Parkinson’s disease (PD) is a progressive neurological condition which is characterized by both motor (movement) and non-motor symptoms. It is important to remember that presentation of symptoms is unique to each person with Parkinson’s (PwP).
Parkinson’s was first described by Dr James Parkinson in 1817 in An Essay on the Shaking Palsy. He gave a detailed account of the symptoms he observed in six individuals in London. In addition to the cardinal signs listed below Dr Parkinson described the non-motor signs of Parkinson’s which are also taken into account at the time of diagnosis in present time. His description remains a classic documentation of the condition which was later to bear his name.
In spite of medical advances in many areas the diagnosis of Pd is still based on the clinical presentation of the patient, the history provided and a neurological examination. Currently blood screening investigations are being researched and these may help with the diagnosis of a genetic form of PD in the younger onset group.
It should be noted that although this is the most commonly identified symptom it is not present in all cases (30% of PwP will not experience tremor) and tremor is present in other conditions. The classic PD tremor is described as a “resting” tremor i.e. it is apparent when the limb is at rest. The Parkinson’s tremor is regular and rhythmic and occurs at the rate of 4-6 times per second.
Initially tremor may affect a unilateral limb however with progression of the disease tremor may become bilateral. A classic tremor presentation in PD involves the thumb and first finger and is known as “a pill rolling tremor”.
Tremor may be exacerbated by stress.
Bradykinesia literally means “slow movement”. The general effect is that it takes longer and requires more effort to complete daily tasks. Slowness and difficulty in initiating and executing automatic repetitive movements is commonly experienced. These actions include writing, fastening buttons, turning over in bed and walking. These difficulties are exacerbated when dual tasking is involved i.e. walking and talking.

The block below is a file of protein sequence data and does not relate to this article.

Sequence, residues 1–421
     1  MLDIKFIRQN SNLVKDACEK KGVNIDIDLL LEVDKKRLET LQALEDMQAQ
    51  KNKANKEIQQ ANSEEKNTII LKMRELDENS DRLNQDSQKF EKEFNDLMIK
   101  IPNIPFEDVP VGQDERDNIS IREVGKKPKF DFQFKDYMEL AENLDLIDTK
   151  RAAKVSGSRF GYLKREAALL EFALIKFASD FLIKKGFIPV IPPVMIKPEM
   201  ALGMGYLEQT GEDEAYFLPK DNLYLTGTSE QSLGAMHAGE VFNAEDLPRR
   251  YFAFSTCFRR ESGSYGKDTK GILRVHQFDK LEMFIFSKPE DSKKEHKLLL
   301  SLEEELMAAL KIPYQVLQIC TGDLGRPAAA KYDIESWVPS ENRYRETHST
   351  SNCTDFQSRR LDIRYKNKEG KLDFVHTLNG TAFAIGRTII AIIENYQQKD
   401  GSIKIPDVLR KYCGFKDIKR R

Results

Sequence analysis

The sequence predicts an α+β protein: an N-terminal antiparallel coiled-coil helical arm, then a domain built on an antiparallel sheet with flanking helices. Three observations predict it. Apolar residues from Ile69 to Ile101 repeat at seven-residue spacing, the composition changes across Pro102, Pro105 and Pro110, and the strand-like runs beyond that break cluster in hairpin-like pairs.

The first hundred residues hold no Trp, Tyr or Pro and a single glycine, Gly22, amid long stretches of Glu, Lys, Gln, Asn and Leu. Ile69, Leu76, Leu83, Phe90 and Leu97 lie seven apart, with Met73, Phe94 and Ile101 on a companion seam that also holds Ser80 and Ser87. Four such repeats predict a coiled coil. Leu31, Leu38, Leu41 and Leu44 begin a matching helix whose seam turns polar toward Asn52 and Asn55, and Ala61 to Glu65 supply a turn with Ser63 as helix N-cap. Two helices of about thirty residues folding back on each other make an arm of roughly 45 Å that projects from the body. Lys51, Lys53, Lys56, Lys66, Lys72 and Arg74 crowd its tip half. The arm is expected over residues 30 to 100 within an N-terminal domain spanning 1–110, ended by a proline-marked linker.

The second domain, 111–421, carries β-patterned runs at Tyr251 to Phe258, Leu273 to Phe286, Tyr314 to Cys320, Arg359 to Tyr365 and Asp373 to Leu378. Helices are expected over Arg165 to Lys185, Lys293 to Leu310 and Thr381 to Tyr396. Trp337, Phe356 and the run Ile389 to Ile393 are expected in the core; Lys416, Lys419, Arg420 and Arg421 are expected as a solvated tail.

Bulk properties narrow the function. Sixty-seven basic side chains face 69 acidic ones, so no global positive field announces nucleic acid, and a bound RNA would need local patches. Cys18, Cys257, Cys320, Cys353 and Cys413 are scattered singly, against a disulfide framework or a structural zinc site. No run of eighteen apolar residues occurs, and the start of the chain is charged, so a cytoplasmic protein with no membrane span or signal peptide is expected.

Bradykinesia is also apparent in decreased eye blink and may lead to changes in swallowing and speech.
Muscle rigidity refers to the resistance felt in muscles when they are passively moved. This can be described as “lead pipe” rigidity when the resistance is consistent. “Cogwheel” rigidity is the term used when the resistance to passive movements has a regular jerking characteristic. Muscle rigidity as with all PD symptoms first presents as unilateral however with progression becomes bilateral. Muscle rigidity accounts for the neck and shoulder pain sometimes experienced early in the disease process.
Postural changes are evident as forward flexed or stooped posture. The ability to maintain posture and balance may be affected in PD. This symptom may appear later and is often the cause of falls because the ability to correct one’s balance is compromised. This may lead to unsteadiness when walking, turning or standing.
On examination, if three of the cardinal symptoms are present a provisional diagnosis of PD may be made. A positive response to levodopa is often a further indicator of correct diagnosis.
Magnetic Resonance Imaging (MRI) and Computed Tomography (CT) are often carried out to rule out other diagnosis. The neurological changes within the basal ganglia are not routinely visible on these investigations.
In its classical presentation PD may be easily diagnosed due to the typical posture, gait and facial changes however diagnosis of early disease is challenging because in excess of 70% of substantia nigra pars compacta cells may be lost before any clinical signs are apparent.
Autopsy based studies have shown that diagnostic accuracy is imperfect with up to 25% of cases indicating an erroneous diagnosis of Pd at the time of death.
There are currently no biological markers available that will lead to a definite diagnosis of PD during life there have been some recent Australian advances. These are the initial development of a blood screening process to identify the genes implicated in Pd and another laboratory test to measure the levels of the protein alpha-synuclein in the blood. This protein is implicated in PD as PwP have low levels while people without PD have high levels. These laboratory tests are undergoing further development and trial.
In addition to Idiopathic PD there are some conditions, known as Parkinson’s Plus, which may initially mimic PD. It is often with the progression of time and presentation of additional symptoms that these conditions may be diagnosed.
Parkinson’s Australia strongly recommends that anyone facing a possible diagnosis of PD be seen by a neurologist and/or a consultant specialising in PD in order to determine as accurate a diagnosis as possible. Each state branch of Parkinson’s Australia can supply a comprehensive list of such specialists.
For further information please contact your state organisation: FREECALL 1800 644 189